Over a period of six weeks, using very targeted experimentation, I conclusively determined that the headache/panic was due to one or all of three supplements: methylB12, methylfolate, and SAM-e. I immediately stopped taking all three, but felt very shaky for a few more weeks. It is not good, to feel like something as Very Tiny as a B-vitamin pill can push you toward a nervous breakdown! Plus, I couldn't understand WHY: a bunch of practitioners _recommend_ B12 and folate and SAM-e for symptoms that nearly exactly mirror my own - why would I have a paradoxical reaction, especially since I had been feeling so good for the first couple of months that I took those things??
Sometimes I have to try to understand things in order for them not to freak me out so much.
I finally found some articles that included comment threads which were sincerely illuminating. Chris Kresser writes about ["Methylation - what it is, and why you should care about it"](http://chriskresser.com/methylation-what-is-it-and-why-should-you-care). Additionally (though a little late to prevent my two-week migraine), Kresser explains why the idea of treating hypothetical methylation issues based simply on the existence of a genetic mutation (rather than a determination that the gene itself is not expressing itself optimally) is not the best idea (essentially: ["genes load the gun, but environment pulls the trigger")](http://chriskresser.com/which-lab-tests-are-essential).
And then I discovered [the work of William Walsh](http://www.alternativementalhealth.com/commentary-on-nutritional-treatm…) (who initially collaborated with Carl Pfeiffer), who characterizes various "biotypes" of depressive illness using serum and urine markers for histamine, folate, zinc, copper, ceruloplasmin, pyrrolles, etc. His book "Nutrient Power" got me exceptionally intrigued. I was fascinated by his background in working with mentally unstable criminals, as well as people suffering from other forms of severe mental illness. Excerpts from his research can be found [here](http://www.alternativementalhealth.com/articles/walsh.htm), but it's worth getting the book even if you only want to read his lucid discussion of the concept of epigenetics. Walsh describes why methylfolate in particular can be exceptionally useful for some...while for many, including "low serotonin, undermethylated depressives", it can be "the suicide nutrient".
Yes! Finally! Some _reasons_ why one tiny pill could make me feel so exceptionally crappy. I started realizing that I wasn't taking supplements only to remedy deficiencies, but also in some cases to counter an "overload," and - in the case of methylfolate - possibly to stimulate the expression of epigenetically-mediated predispositions towards or against certain symptoms. You know how they say to take vitamin C and echinacea for colds, and it never seems to do much? I was finally noting that supplemental nutrients CAN do things, and have profound effects, even while they are distinct from psychiatric (and many other) medications because they are familiar molecules that our bodies have evolved with (rather than completely foreign compounds). But holy cow, natural does not mean Simple and Universally Safe, that is for sure!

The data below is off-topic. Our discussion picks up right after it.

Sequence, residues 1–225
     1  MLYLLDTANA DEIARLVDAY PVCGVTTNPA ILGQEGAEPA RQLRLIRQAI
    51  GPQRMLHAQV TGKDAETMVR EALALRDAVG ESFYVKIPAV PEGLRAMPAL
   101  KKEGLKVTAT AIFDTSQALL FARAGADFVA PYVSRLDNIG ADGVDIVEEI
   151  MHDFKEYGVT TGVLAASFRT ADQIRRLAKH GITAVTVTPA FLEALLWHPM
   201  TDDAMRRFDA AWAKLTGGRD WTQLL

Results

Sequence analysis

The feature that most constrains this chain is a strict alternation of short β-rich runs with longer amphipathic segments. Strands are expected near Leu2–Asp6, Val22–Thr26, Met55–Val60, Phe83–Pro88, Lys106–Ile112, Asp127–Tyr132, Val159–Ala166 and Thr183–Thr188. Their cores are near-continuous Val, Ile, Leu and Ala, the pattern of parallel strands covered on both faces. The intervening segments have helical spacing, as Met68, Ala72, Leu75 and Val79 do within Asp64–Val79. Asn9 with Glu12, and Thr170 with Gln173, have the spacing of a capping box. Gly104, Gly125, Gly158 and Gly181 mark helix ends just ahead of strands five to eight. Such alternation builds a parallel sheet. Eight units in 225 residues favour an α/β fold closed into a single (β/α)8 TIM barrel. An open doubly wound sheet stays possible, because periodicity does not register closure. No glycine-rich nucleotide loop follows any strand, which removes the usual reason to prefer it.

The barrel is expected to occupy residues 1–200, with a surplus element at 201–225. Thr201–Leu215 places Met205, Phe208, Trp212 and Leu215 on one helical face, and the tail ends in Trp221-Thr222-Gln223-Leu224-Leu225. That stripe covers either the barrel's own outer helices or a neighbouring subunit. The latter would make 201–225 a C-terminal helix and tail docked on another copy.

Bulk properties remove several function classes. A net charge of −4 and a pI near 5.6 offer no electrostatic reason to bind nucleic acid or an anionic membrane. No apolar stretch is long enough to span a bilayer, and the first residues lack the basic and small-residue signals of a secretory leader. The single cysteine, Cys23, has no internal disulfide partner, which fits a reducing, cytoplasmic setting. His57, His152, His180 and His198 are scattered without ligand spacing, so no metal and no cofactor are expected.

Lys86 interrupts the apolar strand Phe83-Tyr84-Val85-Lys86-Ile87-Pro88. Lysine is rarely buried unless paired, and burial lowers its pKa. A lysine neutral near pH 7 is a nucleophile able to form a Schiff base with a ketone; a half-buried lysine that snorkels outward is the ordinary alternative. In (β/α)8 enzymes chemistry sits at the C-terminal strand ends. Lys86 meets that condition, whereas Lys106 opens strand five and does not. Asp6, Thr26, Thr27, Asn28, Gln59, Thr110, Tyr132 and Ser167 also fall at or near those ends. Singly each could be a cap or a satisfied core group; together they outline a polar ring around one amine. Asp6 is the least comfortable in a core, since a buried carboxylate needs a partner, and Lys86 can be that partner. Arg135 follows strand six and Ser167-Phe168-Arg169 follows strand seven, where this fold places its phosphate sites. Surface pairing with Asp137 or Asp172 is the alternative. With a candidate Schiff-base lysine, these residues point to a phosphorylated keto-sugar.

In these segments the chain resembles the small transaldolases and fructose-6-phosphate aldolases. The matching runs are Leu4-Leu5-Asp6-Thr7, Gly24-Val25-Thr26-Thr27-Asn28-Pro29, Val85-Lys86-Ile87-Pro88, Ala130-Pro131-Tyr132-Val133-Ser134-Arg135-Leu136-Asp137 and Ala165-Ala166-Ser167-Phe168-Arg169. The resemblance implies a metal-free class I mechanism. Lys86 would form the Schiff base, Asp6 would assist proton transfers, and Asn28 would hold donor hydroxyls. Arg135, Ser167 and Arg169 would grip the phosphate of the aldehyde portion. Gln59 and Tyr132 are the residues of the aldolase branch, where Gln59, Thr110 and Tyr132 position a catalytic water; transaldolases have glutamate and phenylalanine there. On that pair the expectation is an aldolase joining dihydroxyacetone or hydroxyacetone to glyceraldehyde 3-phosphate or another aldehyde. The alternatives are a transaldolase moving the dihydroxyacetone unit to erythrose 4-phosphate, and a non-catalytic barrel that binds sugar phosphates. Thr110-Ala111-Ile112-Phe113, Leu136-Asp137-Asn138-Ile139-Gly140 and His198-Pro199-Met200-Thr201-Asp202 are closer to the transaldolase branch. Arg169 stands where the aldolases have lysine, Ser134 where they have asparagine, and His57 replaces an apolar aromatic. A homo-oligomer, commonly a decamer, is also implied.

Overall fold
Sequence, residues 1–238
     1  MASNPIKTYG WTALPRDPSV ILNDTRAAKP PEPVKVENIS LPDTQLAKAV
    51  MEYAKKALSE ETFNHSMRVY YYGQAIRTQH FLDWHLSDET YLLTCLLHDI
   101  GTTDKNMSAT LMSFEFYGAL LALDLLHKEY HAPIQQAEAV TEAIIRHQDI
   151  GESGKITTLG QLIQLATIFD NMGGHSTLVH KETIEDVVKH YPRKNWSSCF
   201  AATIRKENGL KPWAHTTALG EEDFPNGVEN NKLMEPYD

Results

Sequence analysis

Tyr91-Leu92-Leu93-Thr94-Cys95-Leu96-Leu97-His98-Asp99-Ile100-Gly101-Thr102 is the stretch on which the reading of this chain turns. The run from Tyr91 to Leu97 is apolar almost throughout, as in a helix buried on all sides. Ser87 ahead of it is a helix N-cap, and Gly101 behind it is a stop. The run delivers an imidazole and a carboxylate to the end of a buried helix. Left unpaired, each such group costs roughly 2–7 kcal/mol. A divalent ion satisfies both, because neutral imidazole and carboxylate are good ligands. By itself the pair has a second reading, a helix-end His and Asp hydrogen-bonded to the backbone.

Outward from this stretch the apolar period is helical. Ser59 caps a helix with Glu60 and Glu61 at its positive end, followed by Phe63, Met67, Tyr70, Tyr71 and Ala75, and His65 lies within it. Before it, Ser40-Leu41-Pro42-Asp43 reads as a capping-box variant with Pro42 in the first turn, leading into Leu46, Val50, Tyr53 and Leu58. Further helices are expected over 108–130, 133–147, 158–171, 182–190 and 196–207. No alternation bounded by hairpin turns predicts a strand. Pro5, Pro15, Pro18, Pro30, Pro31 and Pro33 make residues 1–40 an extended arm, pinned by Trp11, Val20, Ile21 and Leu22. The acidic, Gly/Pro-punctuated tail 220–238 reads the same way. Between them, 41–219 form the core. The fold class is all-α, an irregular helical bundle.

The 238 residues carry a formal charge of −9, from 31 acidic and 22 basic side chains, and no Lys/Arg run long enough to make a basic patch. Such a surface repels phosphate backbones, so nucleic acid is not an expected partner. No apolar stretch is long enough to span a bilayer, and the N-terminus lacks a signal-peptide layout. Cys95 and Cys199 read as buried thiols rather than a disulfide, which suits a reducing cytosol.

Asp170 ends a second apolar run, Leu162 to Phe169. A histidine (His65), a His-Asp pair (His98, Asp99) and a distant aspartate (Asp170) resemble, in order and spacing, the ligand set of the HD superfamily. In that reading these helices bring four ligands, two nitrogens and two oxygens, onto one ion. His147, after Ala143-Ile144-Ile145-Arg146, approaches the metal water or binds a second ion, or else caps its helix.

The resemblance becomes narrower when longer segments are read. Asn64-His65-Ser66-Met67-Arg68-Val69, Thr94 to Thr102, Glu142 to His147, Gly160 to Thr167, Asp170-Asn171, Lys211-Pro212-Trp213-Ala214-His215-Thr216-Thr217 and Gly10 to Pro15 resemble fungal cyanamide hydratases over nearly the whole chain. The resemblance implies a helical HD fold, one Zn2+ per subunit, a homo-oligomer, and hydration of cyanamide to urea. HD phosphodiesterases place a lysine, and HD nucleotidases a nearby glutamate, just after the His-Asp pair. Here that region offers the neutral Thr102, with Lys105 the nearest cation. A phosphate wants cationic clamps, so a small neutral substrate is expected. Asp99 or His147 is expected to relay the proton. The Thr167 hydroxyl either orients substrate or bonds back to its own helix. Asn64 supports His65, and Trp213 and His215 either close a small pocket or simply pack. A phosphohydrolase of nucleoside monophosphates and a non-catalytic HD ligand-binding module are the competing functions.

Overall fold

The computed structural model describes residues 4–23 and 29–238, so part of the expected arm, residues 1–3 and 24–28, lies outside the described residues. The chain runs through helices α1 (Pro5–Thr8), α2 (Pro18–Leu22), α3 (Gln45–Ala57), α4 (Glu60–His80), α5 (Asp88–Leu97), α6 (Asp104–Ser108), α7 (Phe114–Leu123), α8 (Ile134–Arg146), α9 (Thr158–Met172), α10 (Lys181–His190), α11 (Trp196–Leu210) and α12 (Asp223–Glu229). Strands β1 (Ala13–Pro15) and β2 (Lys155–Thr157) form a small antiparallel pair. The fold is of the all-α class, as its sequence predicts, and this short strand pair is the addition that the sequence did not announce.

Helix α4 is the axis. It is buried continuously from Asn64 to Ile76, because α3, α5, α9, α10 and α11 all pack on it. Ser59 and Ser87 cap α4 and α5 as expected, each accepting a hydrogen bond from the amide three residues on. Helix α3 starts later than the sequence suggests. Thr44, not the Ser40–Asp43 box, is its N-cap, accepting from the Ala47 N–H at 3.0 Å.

I found a practitioner trained in the practical application of Walsh's research, who also does phone consultations, to help me modify my own protocol. NY State has a bizarre set of laws governing the lab tests that a person may or may not get, so I drove to Pennsylvania to get blood drawn. (Someday, I will work to change these ridiculous and overbearing laws!) While I waited for the results, I read some more fascinating articles, with some content I'd come across years ago while researching the dramatic effect that copper and zinc levels can have on the development of eating disorders.
"Hypercupremia" is characterized by [low histamine and high copper levels in the body](http://hubpages.com/hub/Hypercupremia-High-Copper), and my blood tests reflected this state, combined with functionally low levels of zinc. In some cases, the see-saw balance between two or more nutrients can have a distinguishable effect on the body, and the ratio between copper and zinc is [one of those cases:](http://www.holistic-back-relief.com/copper-toxicity.html)
In addition to all of the self-experimentation, I used a substantial amount of Grandma Lily's generous gift to fund a trip to NYC to have an appointment with Dr. Kelly Brogan. I was very excited to have a chance to talk with her in person, because I think she is brilliant, and I want to have a brilliant doctor on my side, if you know what I mean. Also, in case I happen to become certifiably insane at some point, it definitely seems like a good thing to be the client of a technical psychiatrist.
The trip was a whirlwind, and fun and totally exhausting. (Note to self: never never again bring two glass quarts of dilly beans in your backpack when doing a walking tour of NYC. Bring housewarming gifts such as down feathers or tissue paper or rose petals, instead.)
I still think Dr. Brogan is brilliant - and I also think that she has a long way to go in terms of refining her clinical practice. Her initial recommendations to me were very general and simplistic, and it would be fiscally unwise for us to spend hundreds of dollars more to determine whether her further recommendations would be worth the money. I am grateful to Grandma Lily for the chance to have had the appointment (plus I got to visit with an old friend whom I hadn't seen in years! Like the homeschool high school reunion that I've never experienced. Plus, I spent a really nice afternoon with Mom, who met me at the doctor's office)...but I was reminded that the state of our country's healthcare system is incredibly, woefully challenged. _True_ "health" care from brilliant practitioners is not available for a price that most Americans can afford.
My goals are crystallizing through all of this: I want to learn and learn, more and more, and someday learn enough so that I can become a clinician capable of helping others to heal their bodies - maybe at an affordable price! This is my fifteen-year-plan...
Love from snowy snowy crazy cold blowy snowy land of SNOW,